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Immunotherapy for Common and Rare Cancers

Immunotherapies that harness the body’s unique ability to fight disease by triggering the immune system to identify and attack cancer cells, shrink tumors or slow their growth while minimizing damage to healthy cells are among the most exciting developments in cancer care.

Montefiore Einstein Center for Cancer Care offers patients Food and Drug Administration (FDA)–approved immunotherapy drugs used alone or in combination with standard therapies to treat both common and rare cancers, including: 

  • Bladder cancer
  • Colorectal cancer
  • Kidney cancer
  • Lymphoma and other hematologic malignancies
  • Lung cancer
  • Melanoma
  • Neuroendocrine malignancies
  • Prostate cancer

Together with our colleagues at the National Cancer Institute (NCI)–designated Albert Einstein Cancer Center, our team is actively involved in the discovery and testing of new immunotherapies that will more precisely target cancer cells.

Among our current immunotherapy research and clinical trials:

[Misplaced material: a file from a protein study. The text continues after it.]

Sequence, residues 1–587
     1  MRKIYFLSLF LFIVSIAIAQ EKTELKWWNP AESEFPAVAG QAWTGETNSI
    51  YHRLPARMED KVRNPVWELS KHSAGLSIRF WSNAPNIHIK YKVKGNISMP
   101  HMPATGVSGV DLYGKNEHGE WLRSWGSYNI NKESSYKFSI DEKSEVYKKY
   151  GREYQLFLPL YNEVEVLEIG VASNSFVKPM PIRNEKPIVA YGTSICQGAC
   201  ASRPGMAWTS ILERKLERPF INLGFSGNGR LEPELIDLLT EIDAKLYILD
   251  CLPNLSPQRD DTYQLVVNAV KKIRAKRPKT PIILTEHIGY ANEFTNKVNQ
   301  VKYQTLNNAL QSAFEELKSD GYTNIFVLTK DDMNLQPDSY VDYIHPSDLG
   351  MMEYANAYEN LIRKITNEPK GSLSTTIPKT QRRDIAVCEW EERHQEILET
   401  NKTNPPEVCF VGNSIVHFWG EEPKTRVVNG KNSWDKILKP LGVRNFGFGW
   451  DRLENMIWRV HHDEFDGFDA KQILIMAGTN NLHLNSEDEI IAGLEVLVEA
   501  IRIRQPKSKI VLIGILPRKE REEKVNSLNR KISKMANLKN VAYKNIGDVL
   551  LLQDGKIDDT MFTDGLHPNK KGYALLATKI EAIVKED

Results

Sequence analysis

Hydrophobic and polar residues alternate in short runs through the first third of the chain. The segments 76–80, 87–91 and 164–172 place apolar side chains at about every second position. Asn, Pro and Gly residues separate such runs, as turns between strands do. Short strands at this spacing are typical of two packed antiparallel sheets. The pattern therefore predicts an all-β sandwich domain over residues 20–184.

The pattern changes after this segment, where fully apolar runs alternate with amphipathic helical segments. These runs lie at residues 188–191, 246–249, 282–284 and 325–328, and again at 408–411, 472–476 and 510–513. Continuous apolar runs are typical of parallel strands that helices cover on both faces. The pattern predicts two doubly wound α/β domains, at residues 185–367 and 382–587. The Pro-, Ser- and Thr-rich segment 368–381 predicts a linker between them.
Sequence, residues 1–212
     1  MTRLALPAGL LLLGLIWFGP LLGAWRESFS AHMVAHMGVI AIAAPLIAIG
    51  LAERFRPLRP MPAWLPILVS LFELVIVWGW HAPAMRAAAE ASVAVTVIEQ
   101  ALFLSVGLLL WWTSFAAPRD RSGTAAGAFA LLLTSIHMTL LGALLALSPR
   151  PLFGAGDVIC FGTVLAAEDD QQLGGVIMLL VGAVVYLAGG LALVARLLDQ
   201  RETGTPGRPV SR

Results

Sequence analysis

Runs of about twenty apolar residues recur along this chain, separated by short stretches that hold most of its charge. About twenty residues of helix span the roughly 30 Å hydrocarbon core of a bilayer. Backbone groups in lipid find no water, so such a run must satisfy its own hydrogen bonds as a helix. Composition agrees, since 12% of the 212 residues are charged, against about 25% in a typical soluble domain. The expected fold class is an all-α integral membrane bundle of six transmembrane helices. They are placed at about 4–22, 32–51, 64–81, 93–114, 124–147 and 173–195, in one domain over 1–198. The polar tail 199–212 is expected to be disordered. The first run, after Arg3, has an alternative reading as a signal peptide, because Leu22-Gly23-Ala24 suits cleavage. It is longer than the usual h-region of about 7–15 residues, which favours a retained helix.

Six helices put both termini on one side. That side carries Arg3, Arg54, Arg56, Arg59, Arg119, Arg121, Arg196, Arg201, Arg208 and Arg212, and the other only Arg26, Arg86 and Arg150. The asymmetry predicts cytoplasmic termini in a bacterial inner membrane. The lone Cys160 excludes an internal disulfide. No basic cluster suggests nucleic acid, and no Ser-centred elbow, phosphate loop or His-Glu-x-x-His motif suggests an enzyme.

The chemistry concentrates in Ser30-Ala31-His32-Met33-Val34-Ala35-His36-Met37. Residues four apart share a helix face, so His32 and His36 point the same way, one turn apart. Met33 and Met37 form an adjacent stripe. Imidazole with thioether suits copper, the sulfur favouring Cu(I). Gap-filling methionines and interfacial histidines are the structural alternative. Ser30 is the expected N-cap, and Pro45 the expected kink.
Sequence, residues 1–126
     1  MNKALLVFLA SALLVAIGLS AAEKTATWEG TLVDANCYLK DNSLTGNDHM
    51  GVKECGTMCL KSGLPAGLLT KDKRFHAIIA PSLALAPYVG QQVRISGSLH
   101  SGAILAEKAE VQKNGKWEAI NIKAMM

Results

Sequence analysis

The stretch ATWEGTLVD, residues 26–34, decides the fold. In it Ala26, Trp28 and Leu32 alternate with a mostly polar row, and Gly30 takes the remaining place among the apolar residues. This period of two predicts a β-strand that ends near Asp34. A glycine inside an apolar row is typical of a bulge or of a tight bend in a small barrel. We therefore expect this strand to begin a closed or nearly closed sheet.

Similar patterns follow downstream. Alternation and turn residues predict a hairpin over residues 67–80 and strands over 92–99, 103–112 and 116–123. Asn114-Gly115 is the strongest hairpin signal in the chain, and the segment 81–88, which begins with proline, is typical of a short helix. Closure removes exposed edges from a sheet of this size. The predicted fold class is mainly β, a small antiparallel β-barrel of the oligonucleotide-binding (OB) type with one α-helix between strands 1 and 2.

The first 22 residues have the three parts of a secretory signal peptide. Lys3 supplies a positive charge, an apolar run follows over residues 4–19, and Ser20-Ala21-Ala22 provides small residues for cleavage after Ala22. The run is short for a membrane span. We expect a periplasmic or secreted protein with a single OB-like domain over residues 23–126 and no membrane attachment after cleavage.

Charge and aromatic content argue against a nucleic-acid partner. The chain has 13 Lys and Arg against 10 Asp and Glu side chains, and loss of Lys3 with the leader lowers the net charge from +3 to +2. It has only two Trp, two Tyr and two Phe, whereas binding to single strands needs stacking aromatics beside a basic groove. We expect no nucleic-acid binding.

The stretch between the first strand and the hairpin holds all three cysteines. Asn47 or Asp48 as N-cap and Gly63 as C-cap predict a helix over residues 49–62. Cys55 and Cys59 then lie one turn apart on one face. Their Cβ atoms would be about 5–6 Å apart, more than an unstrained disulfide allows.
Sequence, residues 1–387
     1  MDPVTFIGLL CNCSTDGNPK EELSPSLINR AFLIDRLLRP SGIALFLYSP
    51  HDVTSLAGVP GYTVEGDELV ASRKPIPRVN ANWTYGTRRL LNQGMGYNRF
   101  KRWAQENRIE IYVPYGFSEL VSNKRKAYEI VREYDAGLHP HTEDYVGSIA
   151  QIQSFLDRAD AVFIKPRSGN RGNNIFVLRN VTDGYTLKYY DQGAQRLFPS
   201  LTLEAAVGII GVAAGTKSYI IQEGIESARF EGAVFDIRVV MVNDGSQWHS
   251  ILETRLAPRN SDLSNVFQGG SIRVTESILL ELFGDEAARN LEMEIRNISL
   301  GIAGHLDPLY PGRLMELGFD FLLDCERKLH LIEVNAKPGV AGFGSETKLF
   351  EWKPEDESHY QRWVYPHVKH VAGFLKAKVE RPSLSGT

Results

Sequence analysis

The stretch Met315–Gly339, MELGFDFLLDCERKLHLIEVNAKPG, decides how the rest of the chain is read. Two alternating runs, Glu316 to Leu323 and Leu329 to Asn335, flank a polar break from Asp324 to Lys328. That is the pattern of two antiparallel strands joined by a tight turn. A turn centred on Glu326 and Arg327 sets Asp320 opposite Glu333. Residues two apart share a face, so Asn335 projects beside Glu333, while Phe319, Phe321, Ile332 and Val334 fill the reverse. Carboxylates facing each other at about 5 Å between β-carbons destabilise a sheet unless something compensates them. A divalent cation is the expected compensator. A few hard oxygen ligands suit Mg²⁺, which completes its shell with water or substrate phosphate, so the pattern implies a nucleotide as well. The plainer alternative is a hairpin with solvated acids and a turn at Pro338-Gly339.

• Montefiore Einstein Center for Cancer Care is a lead site nationally for a highly promising and unique study combining a novel vaccine against the human papillomavirus (HPV)—the causative agent against a large number of head and neck cancers—with immunotherapy to boost the efficacy of these exciting novel agents.
  • Our thoracic research program participates in a range of clinical studies exploring combinations of immune and targeted therapies, such as a combination study of the standard immunotherapy durvalumab with a novel agent that can modify cancer cell DNA (the so-called HiDAC inhibitor).

    This combination may be able to enhance the immune system’s ability to recognize cancer as foreign and enhance immune responses even in patients who might be resistant to single-agent immunotherapy.

  • Einstein researchers are leading studies of FLT3 ligand immunotherapy for patients with non-small-cell lung cancer that has progressed following standard therapy and a study funded by the National Institutes of Health to develop novel T-cell-activating agents that more precisely target tumors and cause fewer side effects.

Go here to find out more about cancer clinical trials